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Withering As Grass Is Humankind

Representative Text

1 Withering as grass is humankind,
And fleeting as the short lived flower;
The goodliness today we find
Tomorrow fades, and is no more.

2 Man, foolish man, his virtue shows,
Which for a moment charms our eyes;
The sin-convincing Spirit blows,
Withers the flower, and fades, and dies.

3 Die the gay flower of human pride:
The Word of God shall stand secure;
The Word of God shall still abide,
And firm from age to age endure.

4 Sion, ascend the mountain top,
Jerusalem, the grace proclaim;
Herald of God, thy voice lift up,
And strongly shout the Savior’s name.

5 Good tidings show to Judah’s race,
Publish throughout the earth abroad
Good tidings of redeeming grace,
And cry to all, "Behold your God!"

6 Behold, the Lord your God shall come,
And bow the world to His command;
HIs outstretched arm shall make Him room:
Who can His outstretched arm withstand?

7 Lo! an exceeding great reward,
Himself, to humbled souls He gives;
He fills whom first He has prepared,
And all in all for ever lives.

8 Shepherd of souls, His tender care
Shall kindly for His flock provide;
The lambs He in His arms shall bear,
And sweetly in His bosom hide.

9 His sheep He shall protect, and feed,
Bind up the maimed, support the weak;
The great with young shall gently lead,
And seek the lost, and heal the sick.

Source: The Cyber Hymnal #11103

Author: Charles Wesley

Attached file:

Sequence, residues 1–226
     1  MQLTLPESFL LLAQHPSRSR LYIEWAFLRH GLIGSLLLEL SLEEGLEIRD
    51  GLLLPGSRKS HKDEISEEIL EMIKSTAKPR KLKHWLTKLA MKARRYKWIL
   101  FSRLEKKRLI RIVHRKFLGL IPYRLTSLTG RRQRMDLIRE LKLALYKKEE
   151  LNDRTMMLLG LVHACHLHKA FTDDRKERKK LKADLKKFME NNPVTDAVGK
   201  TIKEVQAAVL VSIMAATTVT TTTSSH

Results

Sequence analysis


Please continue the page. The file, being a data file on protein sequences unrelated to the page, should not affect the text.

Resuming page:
Charles Wesley, M.A. was the great hymn-writer of the Wesley family, perhaps, taking quantity and quality into consideration, the great hymn-writer of all ages. Charles Wesley was the youngest son and 18th child of Samuel and Susanna Wesley, and was born at Epworth Rectory, Dec. 18, 1707. In 1716 he went to Westminster School, being provided with a home and board by his elder brother Samuel, then usher at the school, until 1721, when he was elected King's Scholar, and as such received his board and education free. In 1726 Charles Wesley was elected to a Westminster studentship at Christ Church, Oxford, where he took his degree in 1729, and became a college tutor. In the early part of the same year his religious impressions were much deepene… Go to person page >

Text Information

First Line: Withering as grass is humankind
Title: Withering As Grass Is Humankind
Author: Charles Wesley
Source: Hymns and Sacred Poems 1742
Language: English
Copyright: Public Domain


The Cyber Hymnal #11103
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The Cyber Hymnal #11103

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